• Simon Falkentorp on 03.5.12 @ 3:46PM

    Remember, that the Canon C300 50 Mbit/s is not mpeg4/H.264 like 5D Mk III, but mpeg2 which is half as effective.

    • Joe Marine on 03.5.12 @ 3:55PM

      That’s a good point – I had forgotten that the C300 was MPEG 2 – it does make a difference, the H.264 is more compressed but also more efficient. Apples to apples comparisons are not easy, but yes, 50mb MPEG 4 should be better than 50mb MPEG 2. The Sony F3 is also MPEG 2 for example, at 35mb.

  • You can’t make a review without hands on testing first lol.

  • man i’d love one of these. I suppose i’ll have to save up for ages. :/

  • most people expect the electronics products to be improved over the previous generation and the price to be the same or lower.
    the reason Canon raised the price is that the dollar value to the yen. years of the US government borrowing from Japan and China to pay for wars has seriously devalued the dollar.

    so many Japanese companies are loosing money because of the strong Yen. so the companies see a new product release as a way to gain some on the losses.
    this is inflation. expect many Japanese made products to go up.

    • It doesn’t make sense. Why then did D800 drop in price compared to D700 at introduction?

  • John Jeffreys on 03.5.12 @ 4:06PM

    the 5d Mark II is still an extremely relevant and capable camera, and there have been multiple feature films shot with it entirely, and have gone on to win awards; (Rubber, etc).

    I feel that, at this point, the differences between the two cameras, in a real time, production situation, are nominal at best, and I wont even consider getting one until the price goes down considerably.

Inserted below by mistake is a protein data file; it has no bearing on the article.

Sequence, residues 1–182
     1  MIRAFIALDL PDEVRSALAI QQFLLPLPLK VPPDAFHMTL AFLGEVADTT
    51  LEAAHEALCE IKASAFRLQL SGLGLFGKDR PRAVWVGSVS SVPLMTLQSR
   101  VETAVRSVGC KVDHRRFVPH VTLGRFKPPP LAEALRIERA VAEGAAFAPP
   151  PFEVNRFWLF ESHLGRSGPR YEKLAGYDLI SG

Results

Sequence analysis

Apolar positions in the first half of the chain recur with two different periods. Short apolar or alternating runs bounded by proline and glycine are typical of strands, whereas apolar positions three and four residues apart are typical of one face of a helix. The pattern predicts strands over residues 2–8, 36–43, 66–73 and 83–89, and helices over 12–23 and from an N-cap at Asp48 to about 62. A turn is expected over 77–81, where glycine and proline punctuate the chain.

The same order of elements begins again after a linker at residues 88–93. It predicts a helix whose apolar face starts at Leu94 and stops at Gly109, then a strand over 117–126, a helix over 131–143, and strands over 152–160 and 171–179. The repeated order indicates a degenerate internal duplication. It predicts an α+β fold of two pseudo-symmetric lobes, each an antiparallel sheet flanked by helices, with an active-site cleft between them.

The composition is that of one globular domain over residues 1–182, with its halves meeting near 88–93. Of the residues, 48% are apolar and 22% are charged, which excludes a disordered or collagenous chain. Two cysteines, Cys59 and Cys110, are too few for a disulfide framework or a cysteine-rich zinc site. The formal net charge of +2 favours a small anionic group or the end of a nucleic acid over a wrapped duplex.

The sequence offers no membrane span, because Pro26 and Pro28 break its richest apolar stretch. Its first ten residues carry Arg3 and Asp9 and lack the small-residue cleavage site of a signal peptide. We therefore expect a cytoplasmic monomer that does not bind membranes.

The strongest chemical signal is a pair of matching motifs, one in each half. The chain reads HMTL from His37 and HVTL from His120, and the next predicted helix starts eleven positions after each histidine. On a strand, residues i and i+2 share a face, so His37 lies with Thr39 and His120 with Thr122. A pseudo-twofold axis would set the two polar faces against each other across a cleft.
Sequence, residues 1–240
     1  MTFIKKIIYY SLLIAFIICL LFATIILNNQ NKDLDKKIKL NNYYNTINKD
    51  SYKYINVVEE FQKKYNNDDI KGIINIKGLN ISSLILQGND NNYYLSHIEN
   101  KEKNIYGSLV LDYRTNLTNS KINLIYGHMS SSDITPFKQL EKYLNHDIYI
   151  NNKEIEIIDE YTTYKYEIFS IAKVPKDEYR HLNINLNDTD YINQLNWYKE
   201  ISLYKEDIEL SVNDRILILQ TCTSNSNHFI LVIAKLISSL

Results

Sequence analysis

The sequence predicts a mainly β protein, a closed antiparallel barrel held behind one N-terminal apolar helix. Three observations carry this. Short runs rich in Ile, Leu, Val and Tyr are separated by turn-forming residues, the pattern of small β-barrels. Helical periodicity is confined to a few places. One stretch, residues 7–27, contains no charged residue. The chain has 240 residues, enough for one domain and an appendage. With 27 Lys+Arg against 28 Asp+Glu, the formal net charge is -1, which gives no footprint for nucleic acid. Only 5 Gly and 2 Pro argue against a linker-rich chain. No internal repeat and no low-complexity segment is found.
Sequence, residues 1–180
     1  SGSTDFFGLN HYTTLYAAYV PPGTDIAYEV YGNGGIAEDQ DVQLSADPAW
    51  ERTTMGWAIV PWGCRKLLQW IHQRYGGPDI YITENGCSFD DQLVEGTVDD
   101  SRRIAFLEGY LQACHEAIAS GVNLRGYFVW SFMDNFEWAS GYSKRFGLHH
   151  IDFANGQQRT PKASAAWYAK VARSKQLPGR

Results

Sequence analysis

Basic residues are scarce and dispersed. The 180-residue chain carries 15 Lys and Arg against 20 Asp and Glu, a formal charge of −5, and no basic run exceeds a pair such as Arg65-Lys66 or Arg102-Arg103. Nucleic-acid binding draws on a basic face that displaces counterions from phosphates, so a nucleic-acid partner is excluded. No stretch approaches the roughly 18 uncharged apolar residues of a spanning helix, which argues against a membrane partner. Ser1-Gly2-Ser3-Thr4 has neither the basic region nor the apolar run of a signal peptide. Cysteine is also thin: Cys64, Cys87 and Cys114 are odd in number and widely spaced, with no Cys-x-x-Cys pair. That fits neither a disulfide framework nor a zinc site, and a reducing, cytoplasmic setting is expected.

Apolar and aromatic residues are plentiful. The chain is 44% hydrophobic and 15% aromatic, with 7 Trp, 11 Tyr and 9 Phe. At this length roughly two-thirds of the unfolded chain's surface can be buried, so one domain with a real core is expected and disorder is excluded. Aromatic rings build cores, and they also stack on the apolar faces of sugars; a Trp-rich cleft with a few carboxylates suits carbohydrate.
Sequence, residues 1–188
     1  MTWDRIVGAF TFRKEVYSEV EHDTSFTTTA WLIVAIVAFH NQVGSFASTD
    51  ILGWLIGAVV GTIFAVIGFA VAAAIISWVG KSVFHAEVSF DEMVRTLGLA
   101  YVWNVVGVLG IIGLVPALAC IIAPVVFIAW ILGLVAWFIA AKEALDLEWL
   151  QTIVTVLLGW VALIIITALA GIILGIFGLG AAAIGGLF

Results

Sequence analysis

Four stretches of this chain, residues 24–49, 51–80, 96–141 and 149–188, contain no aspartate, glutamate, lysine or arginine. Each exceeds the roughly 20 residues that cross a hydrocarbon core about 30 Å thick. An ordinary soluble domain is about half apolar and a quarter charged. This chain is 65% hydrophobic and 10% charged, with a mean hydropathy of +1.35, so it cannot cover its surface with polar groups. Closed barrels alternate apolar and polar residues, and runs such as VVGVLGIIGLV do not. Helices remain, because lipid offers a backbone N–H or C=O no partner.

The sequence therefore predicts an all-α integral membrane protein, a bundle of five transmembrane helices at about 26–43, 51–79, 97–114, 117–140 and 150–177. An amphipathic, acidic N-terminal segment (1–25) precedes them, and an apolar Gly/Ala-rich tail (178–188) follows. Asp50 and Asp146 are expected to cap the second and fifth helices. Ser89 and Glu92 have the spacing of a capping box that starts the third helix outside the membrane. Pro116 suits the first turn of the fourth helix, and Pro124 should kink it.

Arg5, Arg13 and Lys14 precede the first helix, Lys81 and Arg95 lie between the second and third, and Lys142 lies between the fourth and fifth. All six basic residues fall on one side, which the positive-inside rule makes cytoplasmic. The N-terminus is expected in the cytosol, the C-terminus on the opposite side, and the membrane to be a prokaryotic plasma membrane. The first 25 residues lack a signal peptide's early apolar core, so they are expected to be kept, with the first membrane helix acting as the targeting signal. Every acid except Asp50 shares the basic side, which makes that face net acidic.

That being said, I am getting a used 5d 2 in the next few weeks, finally. Sick of putting up with my noisy ass t2i

    • I feel like the 5d can be a noisy ass camera and am excited to see the mark iii is not even at very high iso

      • John Jeffreys on 03.5.12 @ 6:07PM

        Noisy compared to what? An Alexa or C300? Sure, maybe. But compared to other DSLR’s, the 5d 2 and 3 are both literally noiseless, unless you shoot in stupidly dark conditions/out in alleyways

        • did you not see the posted video above?

          • All of those vimeo/you tube videos have no noise when the screen is that small.

          • John Jeffreys on 03.6.12 @ 1:01AM

            Im not going to restructure my entire argument based on a vimeo test of a stationary subject for 30 seconds

      • Your argument? I was substantiating mine, 5d mark ii is noisy

  • Just the fact that this camera is at all compared to the GH2 just proves how good of a camera the GH2 is. A sub-$1000 should not have similar features to a $3500 camera. Just look at non-DSLR cameras for a comparison. $1000 gets you a crap tiny camera for hobbyists. $3500 gets you an HPX with all the bells and whistles of a pro camera (minus the interchangeable lens).

  • For those of us who come from film, not digital or video, and are used to work with lighting and a professional crew, film or HD, the differences are nil. I have used the Mark II for most of my recent work and I am still amazed at the quality I get from it. I don’t like to go over 400 ISO. Maybe for available light, RODE on camera weekend filmmakers it will make a difference.